A successful method for hypermedia design is the Object
Oriented Hypermedia
Design Model (OOHDM) [10], which uses object
oriented techniques to produc
e a
hypermedia design model and manages to build complex well
structured hypermedia

A methodology that provides step
step hypermedia development is RMM
[11]. RMM offers complete representation of the semantic schema and the navigational
chema, follows the traditional E
R model to standardize the architectural and
navigational design but gives limited support to the interface design.

Finally some very interesting design approaches have been made during the
following research projects: Mat
ilda (University of Technology, Sydney)
[], GENTLE (Institute for Information Processing and Computer
Supported New Media, Graz
Austria) [], and the Amsterdam
Hypermedia Model (AHM) at CWI, [


The main problem in the aforementioned approaches is the lack of sufficient
guidance to the designers in creating the architectural design of the WBC in specific.
They offer a rich set of rules and graphical notation but lack in offering a design p
or even a design framework specific to the needs of WBC. The CADMOS
D method is
a variation of the OOHDM, though it differs from the latter in the fact that the object
oriented conceptual design is based on an object
oriented data model, which acts
as a
design framework for WBC explicitly. This data model gives guidance for analyzing the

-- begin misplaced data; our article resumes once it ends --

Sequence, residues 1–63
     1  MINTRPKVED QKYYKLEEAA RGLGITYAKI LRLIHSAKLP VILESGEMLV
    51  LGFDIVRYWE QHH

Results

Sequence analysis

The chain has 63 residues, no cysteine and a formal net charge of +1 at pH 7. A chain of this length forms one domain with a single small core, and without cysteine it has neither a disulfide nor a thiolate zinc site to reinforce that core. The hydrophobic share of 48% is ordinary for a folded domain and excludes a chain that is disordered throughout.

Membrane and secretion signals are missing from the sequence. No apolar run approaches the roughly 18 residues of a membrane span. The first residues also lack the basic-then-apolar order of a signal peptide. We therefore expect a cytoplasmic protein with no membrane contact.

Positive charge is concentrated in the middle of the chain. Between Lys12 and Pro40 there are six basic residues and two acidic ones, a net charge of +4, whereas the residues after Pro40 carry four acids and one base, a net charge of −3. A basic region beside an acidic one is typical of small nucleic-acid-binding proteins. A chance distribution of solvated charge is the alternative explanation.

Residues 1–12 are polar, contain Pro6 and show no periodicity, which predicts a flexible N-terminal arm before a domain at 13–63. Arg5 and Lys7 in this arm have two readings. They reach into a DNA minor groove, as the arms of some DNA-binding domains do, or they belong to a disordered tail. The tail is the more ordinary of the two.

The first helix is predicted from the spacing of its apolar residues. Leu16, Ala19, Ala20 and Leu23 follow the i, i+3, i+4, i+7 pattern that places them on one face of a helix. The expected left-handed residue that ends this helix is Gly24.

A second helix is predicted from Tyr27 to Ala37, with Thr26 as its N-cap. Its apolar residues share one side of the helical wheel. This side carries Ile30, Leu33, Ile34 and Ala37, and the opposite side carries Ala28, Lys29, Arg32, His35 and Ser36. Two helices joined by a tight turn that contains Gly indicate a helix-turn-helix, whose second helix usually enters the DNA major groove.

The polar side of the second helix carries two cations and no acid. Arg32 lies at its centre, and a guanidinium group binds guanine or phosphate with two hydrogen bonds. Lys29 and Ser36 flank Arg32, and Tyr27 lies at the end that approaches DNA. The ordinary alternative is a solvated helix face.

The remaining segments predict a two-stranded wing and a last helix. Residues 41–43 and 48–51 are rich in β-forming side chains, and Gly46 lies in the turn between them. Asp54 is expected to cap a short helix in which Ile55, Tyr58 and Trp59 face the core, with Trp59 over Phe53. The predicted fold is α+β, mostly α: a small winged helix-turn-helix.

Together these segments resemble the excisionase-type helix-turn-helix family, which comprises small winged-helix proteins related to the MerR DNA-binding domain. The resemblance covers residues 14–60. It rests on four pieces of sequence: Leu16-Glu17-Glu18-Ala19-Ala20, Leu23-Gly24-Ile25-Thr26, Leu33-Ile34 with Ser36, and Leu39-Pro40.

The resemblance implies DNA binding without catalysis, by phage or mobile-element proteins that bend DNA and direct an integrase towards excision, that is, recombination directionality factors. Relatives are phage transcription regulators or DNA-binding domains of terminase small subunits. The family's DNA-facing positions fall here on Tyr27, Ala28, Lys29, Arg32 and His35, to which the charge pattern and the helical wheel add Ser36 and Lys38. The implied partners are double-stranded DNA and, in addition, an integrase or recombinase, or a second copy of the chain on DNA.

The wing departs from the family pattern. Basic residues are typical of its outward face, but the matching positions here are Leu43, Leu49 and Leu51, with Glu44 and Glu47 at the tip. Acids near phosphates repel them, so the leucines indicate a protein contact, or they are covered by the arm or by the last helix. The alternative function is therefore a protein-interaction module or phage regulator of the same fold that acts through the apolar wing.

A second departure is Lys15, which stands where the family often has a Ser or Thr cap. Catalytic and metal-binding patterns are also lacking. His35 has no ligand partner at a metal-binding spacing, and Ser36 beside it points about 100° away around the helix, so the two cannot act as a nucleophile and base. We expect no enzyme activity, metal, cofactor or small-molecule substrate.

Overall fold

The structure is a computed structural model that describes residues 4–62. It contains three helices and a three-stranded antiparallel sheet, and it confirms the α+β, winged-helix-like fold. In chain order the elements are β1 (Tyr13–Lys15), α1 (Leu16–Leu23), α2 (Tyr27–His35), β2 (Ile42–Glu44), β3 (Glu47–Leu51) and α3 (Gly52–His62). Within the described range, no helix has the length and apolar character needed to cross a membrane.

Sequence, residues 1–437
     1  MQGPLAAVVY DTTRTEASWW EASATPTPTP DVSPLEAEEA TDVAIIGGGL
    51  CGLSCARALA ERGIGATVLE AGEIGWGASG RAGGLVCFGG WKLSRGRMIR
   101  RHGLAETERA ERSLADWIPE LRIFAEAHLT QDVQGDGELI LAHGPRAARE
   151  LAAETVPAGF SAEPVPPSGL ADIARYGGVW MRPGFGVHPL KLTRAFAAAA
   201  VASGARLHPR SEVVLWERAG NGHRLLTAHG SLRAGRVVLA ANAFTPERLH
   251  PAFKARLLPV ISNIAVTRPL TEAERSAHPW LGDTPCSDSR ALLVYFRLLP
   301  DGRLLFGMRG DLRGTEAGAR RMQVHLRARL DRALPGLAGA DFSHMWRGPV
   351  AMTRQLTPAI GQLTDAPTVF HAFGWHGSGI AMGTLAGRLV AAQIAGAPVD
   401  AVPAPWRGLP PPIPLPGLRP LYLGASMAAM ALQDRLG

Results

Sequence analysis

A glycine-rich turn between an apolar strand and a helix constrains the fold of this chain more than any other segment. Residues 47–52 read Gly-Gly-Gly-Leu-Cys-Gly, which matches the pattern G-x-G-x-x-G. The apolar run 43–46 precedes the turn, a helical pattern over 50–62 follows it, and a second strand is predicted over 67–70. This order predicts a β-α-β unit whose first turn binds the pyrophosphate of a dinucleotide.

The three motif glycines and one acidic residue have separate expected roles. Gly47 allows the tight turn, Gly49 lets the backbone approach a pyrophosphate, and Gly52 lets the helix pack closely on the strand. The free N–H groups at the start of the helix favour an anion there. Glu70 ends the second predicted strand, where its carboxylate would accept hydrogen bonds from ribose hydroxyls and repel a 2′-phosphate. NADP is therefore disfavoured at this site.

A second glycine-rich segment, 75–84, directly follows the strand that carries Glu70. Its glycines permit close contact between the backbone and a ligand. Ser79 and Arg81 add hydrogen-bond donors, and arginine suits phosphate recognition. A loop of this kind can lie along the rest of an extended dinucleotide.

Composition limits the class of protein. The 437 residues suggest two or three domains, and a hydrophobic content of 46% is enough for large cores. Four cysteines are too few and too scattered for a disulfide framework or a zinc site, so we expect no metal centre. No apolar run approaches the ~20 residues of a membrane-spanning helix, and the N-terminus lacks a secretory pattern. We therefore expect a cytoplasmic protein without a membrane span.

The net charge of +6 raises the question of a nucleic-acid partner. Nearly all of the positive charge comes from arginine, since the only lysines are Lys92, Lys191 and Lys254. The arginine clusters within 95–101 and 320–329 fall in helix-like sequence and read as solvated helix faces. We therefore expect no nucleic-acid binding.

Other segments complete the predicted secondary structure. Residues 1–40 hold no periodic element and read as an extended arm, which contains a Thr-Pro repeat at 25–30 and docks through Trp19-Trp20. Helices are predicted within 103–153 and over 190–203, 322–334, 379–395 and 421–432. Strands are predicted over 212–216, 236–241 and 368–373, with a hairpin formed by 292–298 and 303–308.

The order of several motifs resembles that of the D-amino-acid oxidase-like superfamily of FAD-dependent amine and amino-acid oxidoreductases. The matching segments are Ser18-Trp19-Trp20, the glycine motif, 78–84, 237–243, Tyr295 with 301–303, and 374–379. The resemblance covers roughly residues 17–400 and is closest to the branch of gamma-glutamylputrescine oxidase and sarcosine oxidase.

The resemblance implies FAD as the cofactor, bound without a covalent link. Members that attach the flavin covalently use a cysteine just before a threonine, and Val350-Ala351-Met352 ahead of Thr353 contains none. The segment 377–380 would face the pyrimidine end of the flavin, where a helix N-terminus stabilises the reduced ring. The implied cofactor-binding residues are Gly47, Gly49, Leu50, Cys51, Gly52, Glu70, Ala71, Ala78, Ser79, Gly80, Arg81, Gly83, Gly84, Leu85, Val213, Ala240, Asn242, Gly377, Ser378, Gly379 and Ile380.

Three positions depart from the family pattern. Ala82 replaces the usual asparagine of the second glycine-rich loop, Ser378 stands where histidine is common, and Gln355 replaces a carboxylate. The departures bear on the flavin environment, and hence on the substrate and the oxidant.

WBC into components, i.e. learning resources comprised by specific types of webpages,
such as access pages, content pages, etc.

Concerning the WBC design CASE tools
, some of them are very simple as they
support flowcharting and screen design [12]. Since recently, the phase of web site
implementation is assisted by tools with limited support for design. Having excluded the
simple web page editor, the rest of the web s
ite implementation tools can be classified
into two categories [13]:


Web site editors,
which except from editing web pages provide a mechanism for the
easy creation of a navigational schema as well as for the management of a set of pages
like a file manage
ment system does (e.g. Microsoft FrontPage). Some of these tools also
provide a more structured development (e.g. Fusion Net Objects) by defining a common
look in the form of templates or by providing an elementary navigational design


Web Site B
uilding Environments,
which create hypertext documents at run
by instantiating templates (e.g. Vignette Story Server, Allaire Cold Fusion, CGI Lua).

These tools are very useful if the development team has already made the architectural
blueprint of t
he WBC, as this design step is not supported by them.

In cases where the need to support a specific design and development
methodology is imperative, customized tools are especially constructed so as to provide